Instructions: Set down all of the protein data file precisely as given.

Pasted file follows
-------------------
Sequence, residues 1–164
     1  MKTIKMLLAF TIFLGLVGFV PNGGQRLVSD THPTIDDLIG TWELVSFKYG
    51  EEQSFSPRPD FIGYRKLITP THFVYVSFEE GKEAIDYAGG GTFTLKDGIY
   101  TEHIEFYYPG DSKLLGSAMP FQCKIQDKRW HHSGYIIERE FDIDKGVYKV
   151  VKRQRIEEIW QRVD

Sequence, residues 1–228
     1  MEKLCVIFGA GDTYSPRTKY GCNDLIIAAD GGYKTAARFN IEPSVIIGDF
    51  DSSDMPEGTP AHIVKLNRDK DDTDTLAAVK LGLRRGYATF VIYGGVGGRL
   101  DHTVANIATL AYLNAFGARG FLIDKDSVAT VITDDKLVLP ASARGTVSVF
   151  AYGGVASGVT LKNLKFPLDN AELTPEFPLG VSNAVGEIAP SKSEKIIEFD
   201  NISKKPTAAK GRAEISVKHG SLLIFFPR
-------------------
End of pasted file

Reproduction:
Sequence, residues 1–164
     1  MKTIKMLLAF TIFLGLVGFV PNGGQRLVSD THPTIDDLIG TWELVSFKYG
    51  EEQSFSPRPD FIGYRKLITP THFVYVSFEE GKEAIDYAGG GTFTLKDGIY
   101  TEHIEFYYPG DSKLLGSAMP FQCKIQDKRW HHSGYIIERE FDIDKGVYKV
   151  VKRQRIEEIW QRVD

Sequence, residues 1–228
     1  MEKLCVIFGA GDTYSPRTKY GCNDLIIAAD GGYKTAARFN IEPSVIIGDF
    51  DSSDMPEGTP AHIVKLNRDK DDTDTLAAVK LGLRRGYATF VIYGGVGGRL
   101  DHTVANIATL AYLNAFGARG FLIDKDSVAT VITDDKLVLP ASARGTVSVF
   151  AYGGVASGVT LKNLKFPLDN AELTPEFPLG VSNAVGEIAP SKSEKIIEFD
   201  NISKKPTAAK GRAEISVKHG SLLIFFPR